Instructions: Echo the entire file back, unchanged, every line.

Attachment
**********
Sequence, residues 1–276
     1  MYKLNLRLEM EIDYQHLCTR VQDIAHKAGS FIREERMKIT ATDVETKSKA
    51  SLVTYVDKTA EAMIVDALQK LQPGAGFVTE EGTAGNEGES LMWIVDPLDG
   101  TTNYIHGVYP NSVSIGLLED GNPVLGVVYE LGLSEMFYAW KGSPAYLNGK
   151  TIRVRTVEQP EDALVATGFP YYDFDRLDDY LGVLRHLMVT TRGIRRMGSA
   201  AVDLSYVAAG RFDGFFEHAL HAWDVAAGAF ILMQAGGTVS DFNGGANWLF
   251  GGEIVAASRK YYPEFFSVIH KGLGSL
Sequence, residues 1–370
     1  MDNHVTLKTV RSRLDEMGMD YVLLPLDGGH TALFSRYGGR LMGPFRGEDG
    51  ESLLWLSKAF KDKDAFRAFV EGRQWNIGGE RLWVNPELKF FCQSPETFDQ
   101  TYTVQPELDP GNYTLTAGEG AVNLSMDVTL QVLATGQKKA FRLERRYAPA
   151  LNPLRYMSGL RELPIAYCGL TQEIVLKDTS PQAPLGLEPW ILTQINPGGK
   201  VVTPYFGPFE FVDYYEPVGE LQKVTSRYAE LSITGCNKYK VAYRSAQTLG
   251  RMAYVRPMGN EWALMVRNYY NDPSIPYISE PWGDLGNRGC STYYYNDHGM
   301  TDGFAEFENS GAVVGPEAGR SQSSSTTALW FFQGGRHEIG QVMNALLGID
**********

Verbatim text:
Sequence, residues 1–276
     1  MYKLNLRLEM EIDYQHLCTR VQDIAHKAGS FIREERMKIT ATDVETKSKA
    51  SLVTYVDKTA EAMIVDALQK LQPGAGFVTE EGTAGNEGES LMWIVDPLDG
   101  TTNYIHGVYP NSVSIGLLED GNPVLGVVYE LGLSEMFYAW KGSPAYLNGK
   151  TIRVRTVEQP EDALVATGFP YYDFDRLDDY LGVLRHLMVT TRGIRRMGSA
   201  AVDLSYVAAG RFDGFFEHAL HAWDVAAGAF ILMQAGGTVS DFNGGANWLF
   251  GGEIVAASRK YYPEFFSVIH KGLGSL
Sequence, residues 1–370
     1  MDNHVTLKTV RSRLDEMGMD YVLLPLDGGH TALFSRYGGR LMGPFRGEDG
    51  ESLLWLSKAF KDKDAFRAFV EGRQWNIGGE RLWVNPELKF FCQSPETFDQ
   101  TYTVQPELDP GNYTLTAGEG AVNLSMDVTL QVLATGQKKA FRLERRYAPA
   151  LNPLRYMSGL RELPIAYCGL TQEIVLKDTS PQAPLGLEPW ILTQINPGGK
   201  VVTPYFGPFE FVDYYEPVGE LQKVTSRYAE LSITGCNKYK VAYRSAQTLG
   251  RMAYVRPMGN EWALMVRNYY NDPSIPYISE PWGDLGNRGC STYYYNDHGM
   301  TDGFAEFENS GAVVGPEAGR SQSSSTTALW FFQGGRHEIG QVMNALLGID